‘Sweet’ success under shelter of the Galtees

Having spent a number of years in Dublin studying, working and teaching, this Cork pastry chef always dreamed of coming back home to open up her own shop and cafe
‘Sweet’ success under shelter of the Galtees

BUSINESS OWNER: Norma Kelly, who runs Praline, a pastry and chocolate shop and cafe, in Mitchelstown.

Being a home-grown girl who went to school in Mitchelstown, mother-of-one Norma Kelly harboured a dream to open her own business back in her neck of the woods.

Is that what seduced her from the bright lights of Dublin to the shelter of the Galtee mountains under which the River Gradoge basks?

“That would be my husband!” says Norma, who is the proprietor of Praline, a pastry shop and cafe, since 2017. The shop evolved into a pastry and chocolate shop serving a selection of individual French pastries and cake slices as well as freshly made sandwiches.

Norma’s fabulous occasion cakes and pastries are selling like hot cakes.

“I came home five years ago when I met Patrick,” says Norma.

“We are married four years now and we have a daughter, Vivienne who is two. And we have two dogs!”

Did romance blossom in the deliciousness of the warm, fuzzy pastry kitchen where delicate flavours and eggy buttery scoops make a voodoo of magic together?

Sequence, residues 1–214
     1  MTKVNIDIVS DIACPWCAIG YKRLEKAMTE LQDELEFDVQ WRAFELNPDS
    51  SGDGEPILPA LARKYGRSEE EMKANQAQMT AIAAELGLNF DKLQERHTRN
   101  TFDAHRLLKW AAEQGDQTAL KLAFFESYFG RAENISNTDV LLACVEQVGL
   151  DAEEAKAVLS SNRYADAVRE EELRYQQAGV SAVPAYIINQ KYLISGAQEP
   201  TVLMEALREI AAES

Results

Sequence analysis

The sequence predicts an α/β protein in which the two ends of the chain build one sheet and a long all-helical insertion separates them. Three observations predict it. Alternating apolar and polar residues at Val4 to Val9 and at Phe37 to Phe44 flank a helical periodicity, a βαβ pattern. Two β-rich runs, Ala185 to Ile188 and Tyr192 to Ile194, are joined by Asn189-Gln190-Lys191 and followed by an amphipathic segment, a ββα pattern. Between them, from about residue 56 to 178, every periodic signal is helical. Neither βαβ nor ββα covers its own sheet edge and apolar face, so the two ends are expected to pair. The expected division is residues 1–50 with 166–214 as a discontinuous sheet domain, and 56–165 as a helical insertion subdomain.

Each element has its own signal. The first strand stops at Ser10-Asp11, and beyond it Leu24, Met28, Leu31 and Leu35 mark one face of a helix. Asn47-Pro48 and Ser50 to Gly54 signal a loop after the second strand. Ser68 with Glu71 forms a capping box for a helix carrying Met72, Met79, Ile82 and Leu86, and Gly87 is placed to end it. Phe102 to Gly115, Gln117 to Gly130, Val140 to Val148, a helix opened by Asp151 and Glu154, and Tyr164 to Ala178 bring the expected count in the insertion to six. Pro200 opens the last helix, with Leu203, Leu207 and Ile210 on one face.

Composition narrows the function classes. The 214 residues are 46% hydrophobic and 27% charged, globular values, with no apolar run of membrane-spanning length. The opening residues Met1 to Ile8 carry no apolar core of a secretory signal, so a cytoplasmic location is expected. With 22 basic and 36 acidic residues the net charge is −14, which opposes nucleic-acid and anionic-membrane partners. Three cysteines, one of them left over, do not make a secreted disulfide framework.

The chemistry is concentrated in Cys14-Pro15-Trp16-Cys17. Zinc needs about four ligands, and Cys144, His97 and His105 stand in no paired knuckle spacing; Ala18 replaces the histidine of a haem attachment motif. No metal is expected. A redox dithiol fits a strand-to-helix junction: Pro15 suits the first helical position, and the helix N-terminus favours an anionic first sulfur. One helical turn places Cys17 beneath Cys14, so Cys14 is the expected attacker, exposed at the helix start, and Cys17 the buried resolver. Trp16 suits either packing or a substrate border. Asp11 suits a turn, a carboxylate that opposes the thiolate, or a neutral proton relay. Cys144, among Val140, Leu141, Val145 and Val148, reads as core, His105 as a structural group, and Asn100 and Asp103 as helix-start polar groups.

“No, he’s a Quantity Surveyor,” says Norma, laughing.

“We started going out together in Dublin. But he did bring me back to Cork. Patrick is from Anglesboro.”

And he is able to cook.

“Patrick likes to cook,” says Norma.

“He does most of the cooking at home which is great!”

Norma’s love of pastry and baking was honed in the homely kitchens of her mother and her grandmother.

“Both my mother and my grandmother were great bakers,” says Norma.

“Granny made her own jam. At home there was never cakes bought. They were always baked from scratch. Baking was in the family as long as I can remember.

“I was baking since I was a smallie,” says Norma, who still clearly treasures memories of the warm, toasty feeling of her grandmother’s kitchen, and who learned the rudiments of baking skills at the apron of her mother.

“My mum was a nurse,” says Norma.

“If she hadn’t gone into the nursing profession; she would have loved to have worked as a baker or as a chef. I was the first one to seriously consider a career in catering.”

Norma cut her teeth in her local hotel.

“My friend worked in the Fir Grove Hotel in Mitchelstown. She asked me if I’d like to come in to work there. So I did.”

Norma felt right at home.

“I started on the wash-up,” she says.

I lived in the kitchen. I absolutely loved it. When I was studying for my Leaving Cert the following year, I knew that I’d go into the catering industry.”

It was tough leaving home to follow her dream.

“Most of my classmates went to college in Cork. I went to DIT to study culinary arts. It was tough,” admits Norma.

But she found her feet in the capital and soon her appetite was whetted to concentrate on becoming a pastry chef.

“I got to love Dublin, ending up staying there for 14 years! And I knew pretty quickly my leaning was towards making pastry.

“I worked in lots of Dublin restaurants,” says Norma.

She got a taste of some of the top pastry kitchens in Ireland.

“I worked for Gary Rhodes as a pastry chef and for Fallon & Byrne for a number of years.”